Dissecting the de-evolution of 4chan and the rise of the alt-right
“This new faith has emerged from a bizarre fusion of the cultural bohemianism of San Francisco with the hi-tech industries of Silicon Valley,” wrote Richard Barbrook and Andy Cameron in their 1995 paper “The Californian Idealogy.”
The “new faith” was a strange hybrid of Reaganomics and New Left idealism, which would produce a no-holds-barred and democratized internet.
It was within this spirit that an introverted teenager translated an obscure Japanese message board into English to create 4chan and radically alter the way the internet functioned, and eventually become the fertile soil in which the alt-right seed would germinate.
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And while the “alt-right” are really neo-Nazis repackaged for popular consumption, the repackaging has been successful. As was the case in 1995, when Newt Gingrich rode into Congress on a tide of right-wing populism, so too has the alt-right ridden into popular culture on the back of Donald Trump and a wave of anti-political correctness.
In late 2015, many tech culture writers, bloggers and other collectors of cyber curios began writing about the alt-right as a phenomenon. At the time, it only existed online. That didn’t last for long.
By last summer, Hillary Clinton mentioned the movement by name in a campaign speech, when the anarcho-capitalists, neo-Nazis and men’s rights activists who had treaded water at 4chan were first attempting to swim into the mainstream.
Now they’ve moved into the streets, marching lockstep with Trump supporters.
Way back in 2004, I first visited 4chan out of curiosity. In the past 15 years since, I’ve watched as it has grown into one of the largest, most influential sites in tech culture.
In order to understand how all this happened, it is necessary to understand the evolution of 4chan itself.
4chan started off innocently enough. It’s founder, Chris Poole, was a 15-year-old anime fan and started the site simply as a way for others like him to communicate. Pool would create in excess of 60 subsections on 4chan. Topics ranged from animals to “worksafe gifs.” Initially, the board was tame and had a modest community of like-minded adolescent boys, said Dale Beran in a recent article about the site.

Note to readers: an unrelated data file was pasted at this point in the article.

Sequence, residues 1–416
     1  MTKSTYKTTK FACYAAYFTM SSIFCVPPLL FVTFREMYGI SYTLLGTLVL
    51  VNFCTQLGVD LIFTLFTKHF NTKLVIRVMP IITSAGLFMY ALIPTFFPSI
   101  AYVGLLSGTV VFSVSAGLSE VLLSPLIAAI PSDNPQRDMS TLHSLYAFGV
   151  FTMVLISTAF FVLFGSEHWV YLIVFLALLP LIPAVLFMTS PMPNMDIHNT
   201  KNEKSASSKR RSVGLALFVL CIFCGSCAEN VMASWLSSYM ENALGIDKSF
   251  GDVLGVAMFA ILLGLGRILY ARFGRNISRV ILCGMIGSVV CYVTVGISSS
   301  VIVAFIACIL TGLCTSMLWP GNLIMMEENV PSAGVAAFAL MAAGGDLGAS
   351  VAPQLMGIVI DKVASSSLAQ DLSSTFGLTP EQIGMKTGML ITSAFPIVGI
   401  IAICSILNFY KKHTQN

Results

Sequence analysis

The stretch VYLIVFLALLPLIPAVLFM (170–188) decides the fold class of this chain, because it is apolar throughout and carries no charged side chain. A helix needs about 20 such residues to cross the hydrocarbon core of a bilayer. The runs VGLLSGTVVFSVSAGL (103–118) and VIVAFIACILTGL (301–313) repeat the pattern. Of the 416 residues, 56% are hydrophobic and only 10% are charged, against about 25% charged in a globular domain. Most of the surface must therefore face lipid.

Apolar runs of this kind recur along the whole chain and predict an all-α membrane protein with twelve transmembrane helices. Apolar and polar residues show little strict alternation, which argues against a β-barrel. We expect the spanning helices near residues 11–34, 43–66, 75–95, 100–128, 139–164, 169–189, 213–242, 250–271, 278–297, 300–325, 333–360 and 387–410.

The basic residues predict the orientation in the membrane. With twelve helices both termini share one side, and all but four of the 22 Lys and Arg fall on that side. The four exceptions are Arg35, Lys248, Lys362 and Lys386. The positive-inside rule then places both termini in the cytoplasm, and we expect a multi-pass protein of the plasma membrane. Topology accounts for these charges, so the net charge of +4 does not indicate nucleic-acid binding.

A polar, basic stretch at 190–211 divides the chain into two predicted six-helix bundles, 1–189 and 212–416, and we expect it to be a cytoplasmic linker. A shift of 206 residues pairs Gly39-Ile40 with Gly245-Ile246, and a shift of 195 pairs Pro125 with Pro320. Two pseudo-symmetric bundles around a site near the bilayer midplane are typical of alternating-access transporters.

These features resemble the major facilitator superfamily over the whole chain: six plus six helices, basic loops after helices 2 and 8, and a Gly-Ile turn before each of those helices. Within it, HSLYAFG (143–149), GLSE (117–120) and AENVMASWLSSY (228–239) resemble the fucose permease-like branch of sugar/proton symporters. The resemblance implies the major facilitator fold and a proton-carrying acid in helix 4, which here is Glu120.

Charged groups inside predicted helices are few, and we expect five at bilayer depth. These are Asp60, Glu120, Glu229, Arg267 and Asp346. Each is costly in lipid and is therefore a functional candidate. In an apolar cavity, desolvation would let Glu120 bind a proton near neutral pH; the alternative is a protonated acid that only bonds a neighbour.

“They were obsessed with Japanese culture and, naturally enough, there was already a term for people like them in Japan, hikikomori — meaning ‘pulling inward, or being confined’ — teens and adults who withdrew from society into fantasy worlds constructed by anime, video games, and now the internet,” Beran said.
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Poole resigned his stewardship of 4chan for a more lucrative job at Google in January last year. By then, the imageboard had taken on a life of its own. 4chan was receiving 20 million unique hits a month, spawned the internationally infamous hacker collective Anonymous, and vaulted Poole to the height of “Most Influential Person of the Year” in a 2009 Time Magazine poll.
The anonymity of the site drew in a crowd. 4chan provided its users a cloak of invisibility while sites like Facebook encouraged users to share details about themselves. Indeed, Anonymous takes its name from the default user ID provided every person who posts at 4chan.
“There are very few places where you can go now and maintain complete anonymity,” Poole said in a 2009 TED talk.
This is why when I first clicked into 4chan in 2004 – at the time still a little-known internet community to which most web denizens were oblivious – I encountered images on subforum /b/ (the notorious “random” section) that sent me scurrying for the back button on my browser.
Only a year old, the site was awash in the kind of vulgarity most wish they never knew existed.
Part of 4chan’s ethos is flaunting societal norms and mores. Indeed, the board’s users, colloquially referred to as anons, refer to those not in their “in-group” derisively as “normies,” but tend to revel in their own underdog status. They call themselves NEETs, an acronym meaning Not in Education, Employment, or Training — an odd celebration of their own “epic fail.”
Back then, 4chan was mainly populated by teenage boys who took glee in political incorrectness. Because of the lax rules, and because the site’s anonymity, it eventually became a haven for what would later become the alt-right.
Part of the problem with trying to link the alt-right directly to 4chan is in the way the site functions. Popular message threads vanish in a matter of hours and there are no archives.